Zika Transmission Halted in Miami Neighborhood

No new cases of Zika virus transmission have been reported for 45 days in the Wynwood neighborhood of Miami, according to officials.

Sep 20, 2016
Ben Andrew Henry

FLICKR, DAN LUNDBERG

Florida Governor Rick Scott announced Monday (September 19) that Zika virus is no longer actively spreading in Miami’s Wynwood neighborhood, according to the Associated Press (AP). The US Centers for Disease Control and Prevention (CDC) has lifted its travel advisory, which previously warned pregnant women against travel to the area.

The Wynwood neighborhood became the first site of local, mosquito-borne Zika transmission in the continental U.S. in late July. Authorities began aerial spraying of a pesticide that kills adult mosquitoes and street-level spraying of a pesticide that targets mosquito larvae to curb the outbreak, the CDC noted.

“This outbreak would have kept going without the aerial spraying,” Lyle Petersen, director of the CDC’s division of vector-borne diseases, told the AP. The area was declared virus transmission-risk–free after three mosquito incubation periods—45 days—passed without any new confirmed transmission cases, according to the agency.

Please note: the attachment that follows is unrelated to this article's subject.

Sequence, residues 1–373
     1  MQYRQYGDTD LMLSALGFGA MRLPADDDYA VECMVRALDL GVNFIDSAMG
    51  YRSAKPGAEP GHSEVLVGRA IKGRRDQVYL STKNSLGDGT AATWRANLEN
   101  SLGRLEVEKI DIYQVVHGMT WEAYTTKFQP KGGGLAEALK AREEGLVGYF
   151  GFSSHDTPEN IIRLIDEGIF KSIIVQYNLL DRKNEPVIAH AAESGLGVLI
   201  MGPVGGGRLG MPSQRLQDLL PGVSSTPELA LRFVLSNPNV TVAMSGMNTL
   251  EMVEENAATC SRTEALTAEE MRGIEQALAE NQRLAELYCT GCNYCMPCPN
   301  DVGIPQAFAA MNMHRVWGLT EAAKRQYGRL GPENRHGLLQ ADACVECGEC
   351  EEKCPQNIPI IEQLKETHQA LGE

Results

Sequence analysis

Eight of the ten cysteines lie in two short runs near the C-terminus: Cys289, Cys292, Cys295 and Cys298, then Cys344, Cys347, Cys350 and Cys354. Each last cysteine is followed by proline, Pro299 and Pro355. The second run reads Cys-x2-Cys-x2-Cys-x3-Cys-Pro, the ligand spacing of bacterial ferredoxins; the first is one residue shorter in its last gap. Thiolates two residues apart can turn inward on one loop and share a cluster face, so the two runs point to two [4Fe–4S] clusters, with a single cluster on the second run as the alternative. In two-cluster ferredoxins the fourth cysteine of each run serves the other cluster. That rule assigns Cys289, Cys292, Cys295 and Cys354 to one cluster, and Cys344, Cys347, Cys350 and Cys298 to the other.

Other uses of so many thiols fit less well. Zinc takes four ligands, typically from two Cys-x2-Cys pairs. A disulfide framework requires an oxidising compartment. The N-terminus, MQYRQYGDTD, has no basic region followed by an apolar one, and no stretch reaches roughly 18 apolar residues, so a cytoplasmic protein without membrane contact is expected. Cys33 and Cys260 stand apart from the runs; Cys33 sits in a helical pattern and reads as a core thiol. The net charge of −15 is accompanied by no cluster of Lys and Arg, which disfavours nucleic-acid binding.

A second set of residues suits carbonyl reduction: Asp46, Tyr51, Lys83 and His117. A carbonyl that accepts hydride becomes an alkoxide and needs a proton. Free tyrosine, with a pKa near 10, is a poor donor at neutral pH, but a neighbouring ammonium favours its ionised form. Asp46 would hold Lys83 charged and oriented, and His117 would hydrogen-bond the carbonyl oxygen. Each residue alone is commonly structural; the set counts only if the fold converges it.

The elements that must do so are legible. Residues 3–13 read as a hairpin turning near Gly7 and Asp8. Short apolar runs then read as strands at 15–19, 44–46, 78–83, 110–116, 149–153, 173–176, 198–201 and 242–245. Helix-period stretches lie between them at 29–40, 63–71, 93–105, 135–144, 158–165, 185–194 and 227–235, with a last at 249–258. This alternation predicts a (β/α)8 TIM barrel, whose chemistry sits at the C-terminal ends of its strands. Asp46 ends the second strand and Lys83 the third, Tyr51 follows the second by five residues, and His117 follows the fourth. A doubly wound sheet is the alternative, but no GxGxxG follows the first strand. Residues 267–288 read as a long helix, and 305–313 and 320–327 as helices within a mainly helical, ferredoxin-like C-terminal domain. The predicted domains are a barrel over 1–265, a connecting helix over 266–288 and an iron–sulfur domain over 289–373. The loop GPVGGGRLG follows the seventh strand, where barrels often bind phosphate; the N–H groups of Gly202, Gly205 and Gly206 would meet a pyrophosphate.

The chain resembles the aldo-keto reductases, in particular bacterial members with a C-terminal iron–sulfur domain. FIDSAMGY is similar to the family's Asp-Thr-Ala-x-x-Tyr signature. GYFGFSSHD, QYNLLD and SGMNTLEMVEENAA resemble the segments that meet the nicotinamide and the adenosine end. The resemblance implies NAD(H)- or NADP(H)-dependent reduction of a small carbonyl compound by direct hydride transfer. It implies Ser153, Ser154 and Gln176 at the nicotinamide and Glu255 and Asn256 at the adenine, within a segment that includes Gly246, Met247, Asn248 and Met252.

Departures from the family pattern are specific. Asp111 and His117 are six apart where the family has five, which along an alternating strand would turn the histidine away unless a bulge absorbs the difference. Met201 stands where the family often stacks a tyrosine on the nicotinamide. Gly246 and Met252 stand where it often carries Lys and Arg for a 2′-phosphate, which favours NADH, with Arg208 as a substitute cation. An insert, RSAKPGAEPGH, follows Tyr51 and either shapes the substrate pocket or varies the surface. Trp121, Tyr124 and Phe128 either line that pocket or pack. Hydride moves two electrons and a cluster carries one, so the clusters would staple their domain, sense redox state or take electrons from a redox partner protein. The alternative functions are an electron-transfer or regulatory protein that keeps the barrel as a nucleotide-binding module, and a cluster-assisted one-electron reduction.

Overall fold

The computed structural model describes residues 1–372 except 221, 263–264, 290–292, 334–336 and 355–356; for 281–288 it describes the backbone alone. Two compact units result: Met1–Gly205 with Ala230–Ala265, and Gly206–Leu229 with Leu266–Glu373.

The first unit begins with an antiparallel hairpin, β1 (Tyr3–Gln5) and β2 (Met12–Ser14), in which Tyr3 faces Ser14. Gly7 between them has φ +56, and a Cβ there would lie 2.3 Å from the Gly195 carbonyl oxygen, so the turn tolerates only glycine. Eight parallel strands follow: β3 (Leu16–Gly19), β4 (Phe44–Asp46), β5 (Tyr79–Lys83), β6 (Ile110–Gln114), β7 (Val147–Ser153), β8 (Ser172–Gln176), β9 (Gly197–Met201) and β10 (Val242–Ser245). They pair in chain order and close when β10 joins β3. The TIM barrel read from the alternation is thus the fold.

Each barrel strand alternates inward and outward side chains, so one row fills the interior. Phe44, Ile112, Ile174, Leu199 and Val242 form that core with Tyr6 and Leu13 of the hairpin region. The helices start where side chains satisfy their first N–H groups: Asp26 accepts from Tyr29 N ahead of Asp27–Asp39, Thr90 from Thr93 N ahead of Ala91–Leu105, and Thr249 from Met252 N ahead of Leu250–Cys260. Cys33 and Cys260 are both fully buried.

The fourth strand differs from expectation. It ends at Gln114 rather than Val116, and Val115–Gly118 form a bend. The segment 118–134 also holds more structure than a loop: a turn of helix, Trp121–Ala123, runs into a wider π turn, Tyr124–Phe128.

Zika continues to spread elsewhere in Miami, however. The Florida Department of Health’s zone of investigation has been expanded to include much of Miami Beach, Governor Scott announced last week (September 16).

He attributed the progress in Wynwood to “aggressive mosquito control measures, outreach to the community, education efforts and the vigilant actions of the residents and businesses in Wynwood,” while adding that “the expansion of the Miami Beach area where local transmission is occurring highlights the need for continued aggressive mosquito control measures and for Congress to immediately approve federal funding to combat Zika.”

The CDC travel advisory for Miami Beach remains in place.